Prior to commencement of trial, the district judge held a hearing on defendant's suppression motion. At the conclusion of the suppression hearing, the court took the motion under advisement and indicated that a decision would be forthcoming on the following morning.
The trial commenced on the following morning, however, without mention of a ruling on the motion to suppress. Neither the trial judge nor either counsel referred to the scheduled ruling on the motion to suppress.
The confession was first discussed at trial during the testimony of Donald Branca. Branca testified that his wife Treva owned a yellow Ford Torino station wagon. In his written confession, defendant had indicated that he and Thomas Scott had borrowed a yellow Ford Torino station wagon from Scott's girl friend named Treva, and used that car in the robbery.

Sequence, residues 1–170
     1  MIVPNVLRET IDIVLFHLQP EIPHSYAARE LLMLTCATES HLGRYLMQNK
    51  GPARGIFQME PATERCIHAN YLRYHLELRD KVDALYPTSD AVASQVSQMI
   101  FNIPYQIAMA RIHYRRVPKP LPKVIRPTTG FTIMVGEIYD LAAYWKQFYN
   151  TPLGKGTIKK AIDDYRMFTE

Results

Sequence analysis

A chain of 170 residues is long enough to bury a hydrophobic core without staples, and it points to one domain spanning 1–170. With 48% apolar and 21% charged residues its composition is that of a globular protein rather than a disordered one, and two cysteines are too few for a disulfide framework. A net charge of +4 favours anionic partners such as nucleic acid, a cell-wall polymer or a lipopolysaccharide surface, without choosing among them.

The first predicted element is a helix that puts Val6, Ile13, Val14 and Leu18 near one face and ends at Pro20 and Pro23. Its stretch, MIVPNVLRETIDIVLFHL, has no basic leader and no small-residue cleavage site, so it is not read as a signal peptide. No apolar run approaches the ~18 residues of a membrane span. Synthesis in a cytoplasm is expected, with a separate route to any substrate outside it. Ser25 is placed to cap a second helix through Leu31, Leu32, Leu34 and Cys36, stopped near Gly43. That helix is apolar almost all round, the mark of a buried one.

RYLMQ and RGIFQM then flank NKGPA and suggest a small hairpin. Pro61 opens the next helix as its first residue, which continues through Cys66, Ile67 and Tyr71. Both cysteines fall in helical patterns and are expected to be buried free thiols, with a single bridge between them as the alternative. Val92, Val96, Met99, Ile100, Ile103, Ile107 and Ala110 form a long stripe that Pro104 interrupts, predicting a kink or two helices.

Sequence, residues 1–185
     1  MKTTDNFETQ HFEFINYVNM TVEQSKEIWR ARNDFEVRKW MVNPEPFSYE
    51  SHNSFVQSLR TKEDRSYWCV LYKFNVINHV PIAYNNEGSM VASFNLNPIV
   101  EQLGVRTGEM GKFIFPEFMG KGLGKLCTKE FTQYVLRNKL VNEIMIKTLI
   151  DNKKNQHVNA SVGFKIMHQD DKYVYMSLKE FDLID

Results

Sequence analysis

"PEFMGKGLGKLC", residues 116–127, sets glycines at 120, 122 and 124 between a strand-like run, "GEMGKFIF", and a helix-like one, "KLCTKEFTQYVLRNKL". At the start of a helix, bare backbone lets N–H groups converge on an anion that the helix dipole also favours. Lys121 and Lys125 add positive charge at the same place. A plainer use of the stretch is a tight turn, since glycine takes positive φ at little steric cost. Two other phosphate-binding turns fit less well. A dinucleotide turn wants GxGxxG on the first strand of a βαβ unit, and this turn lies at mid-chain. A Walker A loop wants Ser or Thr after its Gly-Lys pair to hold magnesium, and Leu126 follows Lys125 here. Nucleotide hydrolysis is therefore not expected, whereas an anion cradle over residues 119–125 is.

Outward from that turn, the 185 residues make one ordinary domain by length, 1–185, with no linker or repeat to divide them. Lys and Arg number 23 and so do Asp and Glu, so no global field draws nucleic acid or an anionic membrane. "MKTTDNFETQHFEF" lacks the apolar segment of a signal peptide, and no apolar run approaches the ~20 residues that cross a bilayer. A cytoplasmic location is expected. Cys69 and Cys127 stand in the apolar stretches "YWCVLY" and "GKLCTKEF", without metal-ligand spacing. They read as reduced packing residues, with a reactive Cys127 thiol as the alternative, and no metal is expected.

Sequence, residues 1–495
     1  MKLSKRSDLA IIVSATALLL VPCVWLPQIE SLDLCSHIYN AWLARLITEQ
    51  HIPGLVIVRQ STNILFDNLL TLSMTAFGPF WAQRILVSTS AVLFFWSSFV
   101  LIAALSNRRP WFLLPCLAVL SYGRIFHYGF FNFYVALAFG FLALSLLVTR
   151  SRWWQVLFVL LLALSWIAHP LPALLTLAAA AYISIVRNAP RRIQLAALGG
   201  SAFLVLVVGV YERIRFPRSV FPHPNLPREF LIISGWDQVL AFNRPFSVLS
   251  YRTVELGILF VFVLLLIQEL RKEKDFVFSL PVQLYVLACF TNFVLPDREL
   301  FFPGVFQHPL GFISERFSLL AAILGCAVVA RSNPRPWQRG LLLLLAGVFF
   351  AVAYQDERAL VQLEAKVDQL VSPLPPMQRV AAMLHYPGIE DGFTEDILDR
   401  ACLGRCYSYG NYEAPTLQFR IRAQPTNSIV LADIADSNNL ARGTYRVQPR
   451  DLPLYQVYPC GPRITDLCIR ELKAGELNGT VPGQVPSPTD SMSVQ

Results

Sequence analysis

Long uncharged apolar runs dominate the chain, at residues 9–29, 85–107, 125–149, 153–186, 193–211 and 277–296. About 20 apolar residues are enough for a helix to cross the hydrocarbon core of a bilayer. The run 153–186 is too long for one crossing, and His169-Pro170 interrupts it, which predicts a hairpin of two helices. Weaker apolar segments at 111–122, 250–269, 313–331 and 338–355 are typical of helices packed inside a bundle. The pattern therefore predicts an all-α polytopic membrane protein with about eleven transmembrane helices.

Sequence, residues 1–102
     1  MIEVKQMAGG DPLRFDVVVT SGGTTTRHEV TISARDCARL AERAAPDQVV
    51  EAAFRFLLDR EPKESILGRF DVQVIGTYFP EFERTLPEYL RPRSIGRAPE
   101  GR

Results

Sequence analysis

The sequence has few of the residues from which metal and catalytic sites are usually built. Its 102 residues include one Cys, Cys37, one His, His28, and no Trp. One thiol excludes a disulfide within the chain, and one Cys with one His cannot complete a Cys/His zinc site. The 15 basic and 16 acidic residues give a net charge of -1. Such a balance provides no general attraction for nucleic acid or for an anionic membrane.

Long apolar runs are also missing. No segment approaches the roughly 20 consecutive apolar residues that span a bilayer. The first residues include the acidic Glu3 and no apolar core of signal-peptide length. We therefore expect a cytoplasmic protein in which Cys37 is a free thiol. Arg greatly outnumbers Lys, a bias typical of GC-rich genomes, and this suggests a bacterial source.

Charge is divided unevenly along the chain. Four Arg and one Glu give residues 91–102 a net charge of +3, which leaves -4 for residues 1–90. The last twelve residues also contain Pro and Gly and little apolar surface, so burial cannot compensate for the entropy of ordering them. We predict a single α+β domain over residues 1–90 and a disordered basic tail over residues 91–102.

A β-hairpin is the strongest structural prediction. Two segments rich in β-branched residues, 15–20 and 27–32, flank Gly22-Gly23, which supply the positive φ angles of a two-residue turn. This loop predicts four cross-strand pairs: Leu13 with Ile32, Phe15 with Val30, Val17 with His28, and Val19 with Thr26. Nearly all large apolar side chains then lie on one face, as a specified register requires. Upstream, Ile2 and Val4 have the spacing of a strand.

Defendant objected to Branca's testimony on the ground that the car owned by Branca's wife had not been tied into defendant's case. In overruling defendant's objection to Branca's testimony, the court stated:
Yes, based upon the fact that if it doesn't I mean, I don't know, the confession will be subject to a motion to strike, and I am sure a subsequent instruction will be given to the jury no, I will let him proceed. The objection is overruled. (Tr. 74)
Defendant's inculpatory statements were next referred to during the testimony of Thomas J. Green, Special Agent for the Federal Bureau of Investigation. Green testified about defendant's inculpatory statements made on September 18, 1975, with no objection by defense counsel. (Tr. 81-83) Similarly, Michael Kazmeir, Special Agent for the Federal Bureau of Investigation, followed Green on the witness stand and also testified about defendant's September 18, oral and written confession. (Tr. 94-98) Defense counsel again failed to object to this testimony.